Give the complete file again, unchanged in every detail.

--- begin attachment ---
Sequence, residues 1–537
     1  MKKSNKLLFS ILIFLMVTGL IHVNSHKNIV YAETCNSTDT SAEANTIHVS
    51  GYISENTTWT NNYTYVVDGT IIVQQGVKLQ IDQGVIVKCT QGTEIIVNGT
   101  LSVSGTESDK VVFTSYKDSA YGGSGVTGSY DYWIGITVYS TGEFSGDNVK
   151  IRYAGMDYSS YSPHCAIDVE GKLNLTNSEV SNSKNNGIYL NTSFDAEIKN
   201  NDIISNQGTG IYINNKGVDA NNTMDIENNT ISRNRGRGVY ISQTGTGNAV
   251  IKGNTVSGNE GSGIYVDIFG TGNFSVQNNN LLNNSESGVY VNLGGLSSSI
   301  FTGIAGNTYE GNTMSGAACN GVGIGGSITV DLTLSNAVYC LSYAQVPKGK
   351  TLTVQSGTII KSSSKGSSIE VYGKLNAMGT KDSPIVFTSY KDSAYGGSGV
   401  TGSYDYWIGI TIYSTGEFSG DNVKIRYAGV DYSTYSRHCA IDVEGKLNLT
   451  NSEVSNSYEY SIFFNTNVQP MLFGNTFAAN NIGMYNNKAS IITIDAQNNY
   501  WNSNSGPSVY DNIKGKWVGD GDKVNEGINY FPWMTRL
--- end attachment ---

Sequence, residues 1–537
     1  MKKSNKLLFS ILIFLMVTGL IHVNSHKNIV YAETCNSTDT SAEANTIHVS
    51  GYISENTTWT NNYTYVVDGT IIVQQGVKLQ IDQGVIVKCT QGTEIIVNGT
   101  LSVSGTESDK VVFTSYKDSA YGGSGVTGSY DYWIGITVYS TGEFSGDNVK
   151  IRYAGMDYSS YSPHCAIDVE GKLNLTNSEV SNSKNNGIYL NTSFDAEIKN
   201  NDIISNQGTG IYINNKGVDA NNTMDIENNT ISRNRGRGVY ISQTGTGNAV
   251  IKGNTVSGNE GSGIYVDIFG TGNFSVQNNN LLNNSESGVY VNLGGLSSSI
   301  FTGIAGNTYE GNTMSGAACN GVGIGGSITV DLTLSNAVYC LSYAQVPKGK
   351  TLTVQSGTII KSSSKGSSIE VYGKLNAMGT KDSPIVFTSY KDSAYGGSGV
   401  TGSYDYWIGI TIYSTGEFSG DNVKIRYAGV DYSTYSRHCA IDVEGKLNLT
   451  NSEVSNSYEY SIFFNTNVQP MLFGNTFAAN NIGMYNNKAS IITIDAQNNY
   501  WNSNSGPSVY DNIKGKWVGD GDKVNEGINY FPWMTRL